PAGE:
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From the Rector

As we enter the year 2021, there cannot be many of us who are not glad to see the back of 2020.

It was the most challenging of years, all of us confronted by issues and dangers that were completely new to us and for which we were unprepared and unskilled.

So much of what sustains us and nurtures us was denied to us by the implications of coronavirus: contact with our loved ones, vast swathes of our social life, holidays, village events, family celebrations, worship in church; the list goes on. Never before have we been required to keep ourselves going while missing out on all this. It was hard for all, very hard for many, and too hard for some. We feel fully justified in being thankful that the old year is over.          

Very near the end of the year, I was blessed to officiate at a wedding in our Benefice, one of only two which took place in our parishes all year.

All the other couples who had booked weddings perfectly understandably opted to postpone until late in 2021, so that they might be able to have the style of celebration for which they had hoped and planned. The wedding that did take place in December was unusual, as it was staged with all the distancing and hygiene restrictions in place, only 17 people present and no singing. But the message on which we pondered and prayed at that wedding is perhaps one that can help sustain us as we move tentatively but hopefully into a new year and a year that we can only pray will be easier and smoother than the last.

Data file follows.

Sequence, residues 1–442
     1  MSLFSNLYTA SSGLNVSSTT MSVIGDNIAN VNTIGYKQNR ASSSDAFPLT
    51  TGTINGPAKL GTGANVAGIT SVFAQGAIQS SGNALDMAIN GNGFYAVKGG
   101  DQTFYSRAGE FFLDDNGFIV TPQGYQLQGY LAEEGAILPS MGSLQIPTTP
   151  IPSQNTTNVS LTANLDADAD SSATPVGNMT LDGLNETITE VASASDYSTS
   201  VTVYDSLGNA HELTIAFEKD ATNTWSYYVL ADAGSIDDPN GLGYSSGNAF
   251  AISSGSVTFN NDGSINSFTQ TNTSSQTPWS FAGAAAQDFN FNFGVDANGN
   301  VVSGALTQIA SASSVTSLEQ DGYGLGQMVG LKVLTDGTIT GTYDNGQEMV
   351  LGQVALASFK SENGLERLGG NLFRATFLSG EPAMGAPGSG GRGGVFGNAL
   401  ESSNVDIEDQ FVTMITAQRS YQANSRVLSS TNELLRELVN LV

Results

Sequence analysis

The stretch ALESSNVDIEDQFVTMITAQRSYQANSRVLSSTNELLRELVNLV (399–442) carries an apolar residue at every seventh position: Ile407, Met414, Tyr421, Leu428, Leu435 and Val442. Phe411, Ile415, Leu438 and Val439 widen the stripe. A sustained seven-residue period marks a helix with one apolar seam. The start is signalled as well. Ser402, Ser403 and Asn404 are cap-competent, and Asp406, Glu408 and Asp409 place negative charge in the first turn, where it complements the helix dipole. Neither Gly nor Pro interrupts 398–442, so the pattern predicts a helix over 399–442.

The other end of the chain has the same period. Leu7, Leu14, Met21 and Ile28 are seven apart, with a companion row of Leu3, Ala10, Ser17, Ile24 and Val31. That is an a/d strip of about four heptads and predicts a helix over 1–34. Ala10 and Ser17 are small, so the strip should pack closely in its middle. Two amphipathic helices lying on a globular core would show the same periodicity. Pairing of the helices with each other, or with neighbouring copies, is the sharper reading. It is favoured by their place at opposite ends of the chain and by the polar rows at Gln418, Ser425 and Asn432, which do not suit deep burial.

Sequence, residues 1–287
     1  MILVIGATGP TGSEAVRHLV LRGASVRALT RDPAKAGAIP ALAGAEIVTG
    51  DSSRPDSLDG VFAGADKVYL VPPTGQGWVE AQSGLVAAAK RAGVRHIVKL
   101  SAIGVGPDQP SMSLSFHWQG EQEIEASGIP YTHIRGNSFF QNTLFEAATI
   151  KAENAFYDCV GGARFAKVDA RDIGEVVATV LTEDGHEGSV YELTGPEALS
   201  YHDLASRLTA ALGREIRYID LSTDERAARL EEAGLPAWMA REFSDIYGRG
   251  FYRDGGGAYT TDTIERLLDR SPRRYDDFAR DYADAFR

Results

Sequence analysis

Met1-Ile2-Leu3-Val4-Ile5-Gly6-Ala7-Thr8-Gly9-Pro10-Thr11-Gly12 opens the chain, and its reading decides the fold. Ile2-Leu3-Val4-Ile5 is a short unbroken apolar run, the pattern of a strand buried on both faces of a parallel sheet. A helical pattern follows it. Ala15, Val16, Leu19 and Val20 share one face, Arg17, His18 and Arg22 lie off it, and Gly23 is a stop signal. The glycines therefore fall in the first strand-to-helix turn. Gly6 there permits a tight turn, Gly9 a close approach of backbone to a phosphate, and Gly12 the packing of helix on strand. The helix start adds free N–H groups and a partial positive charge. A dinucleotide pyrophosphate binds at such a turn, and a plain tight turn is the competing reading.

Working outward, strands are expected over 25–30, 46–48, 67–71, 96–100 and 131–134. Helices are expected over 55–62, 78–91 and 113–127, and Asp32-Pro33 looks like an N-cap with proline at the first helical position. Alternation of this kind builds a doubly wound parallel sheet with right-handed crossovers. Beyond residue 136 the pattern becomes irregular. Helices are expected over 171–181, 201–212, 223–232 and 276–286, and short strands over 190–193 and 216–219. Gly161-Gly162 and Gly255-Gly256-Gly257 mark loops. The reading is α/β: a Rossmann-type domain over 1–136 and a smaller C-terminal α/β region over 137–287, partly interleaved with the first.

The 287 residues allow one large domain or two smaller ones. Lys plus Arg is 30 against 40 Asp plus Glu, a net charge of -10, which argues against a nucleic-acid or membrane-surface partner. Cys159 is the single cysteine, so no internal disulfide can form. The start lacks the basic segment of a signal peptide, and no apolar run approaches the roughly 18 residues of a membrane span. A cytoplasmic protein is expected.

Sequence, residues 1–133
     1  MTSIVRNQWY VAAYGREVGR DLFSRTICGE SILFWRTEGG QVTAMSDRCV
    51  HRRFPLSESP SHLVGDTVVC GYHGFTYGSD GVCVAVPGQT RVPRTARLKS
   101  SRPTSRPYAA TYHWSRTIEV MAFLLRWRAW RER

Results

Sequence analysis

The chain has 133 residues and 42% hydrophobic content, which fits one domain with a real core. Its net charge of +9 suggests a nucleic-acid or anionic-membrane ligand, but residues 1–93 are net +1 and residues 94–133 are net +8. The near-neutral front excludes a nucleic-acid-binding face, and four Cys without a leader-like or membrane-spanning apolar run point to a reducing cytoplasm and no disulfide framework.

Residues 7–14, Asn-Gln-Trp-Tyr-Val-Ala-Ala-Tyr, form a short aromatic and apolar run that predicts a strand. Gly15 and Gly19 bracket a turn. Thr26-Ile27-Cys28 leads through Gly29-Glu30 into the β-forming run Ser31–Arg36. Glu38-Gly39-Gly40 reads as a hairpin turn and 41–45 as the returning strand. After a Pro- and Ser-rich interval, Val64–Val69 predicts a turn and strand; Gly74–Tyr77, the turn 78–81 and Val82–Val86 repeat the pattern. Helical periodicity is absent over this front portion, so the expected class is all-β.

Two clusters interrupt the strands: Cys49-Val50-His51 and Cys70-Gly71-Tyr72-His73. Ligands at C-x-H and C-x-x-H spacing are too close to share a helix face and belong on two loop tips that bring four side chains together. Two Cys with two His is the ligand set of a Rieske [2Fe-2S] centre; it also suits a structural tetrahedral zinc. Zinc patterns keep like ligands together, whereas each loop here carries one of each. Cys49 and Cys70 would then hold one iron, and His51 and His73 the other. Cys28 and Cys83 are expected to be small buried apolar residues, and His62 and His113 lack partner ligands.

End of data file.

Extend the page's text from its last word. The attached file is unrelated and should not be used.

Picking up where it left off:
We paused to consider St Paul’s simple but profound words in 1 Corinthians 13, ‘love never ends’. In the dark days of lockdown and isolation we all discovered the human dimension of those words. The reassurance of our dearest loved ones, even if that had to be communicated by computer, tablet and phone, meant everything, and we knew very quickly that it would take much more than a vicious pandemic to stifle that outpouring of love. And St Paul’s words found fresh meaning in the astonishing proliferation of acts of kindness and compassion with which our communities were enfolded; so many people doing extraordinary things to care for and support those who were deemed to be more vulnerable or needy. But those wedding guests were also reminded that God’s love never ends either. In another of his Letters, that to the Romans, Paul affirms ‘nothing can separate us from the love of God.’ It is a basic and crucial truth that every single one of us is precious and unique in God’s eyes.

He has loved us from eternity, and nothing can deny us that divine love.

Many centuries ago, the great Old Testament prophet, Isaiah, captured that truth beautifully: ‘but now thus says the Lord, “Do not fear, for I have redeemed you; I have called you by name, you are mine.”

As we move into this New Year, with hope for better times ahead, we do so with the knowledge that ‘love never ends’ and that God has called us by name and we are his.

David Seymour

 

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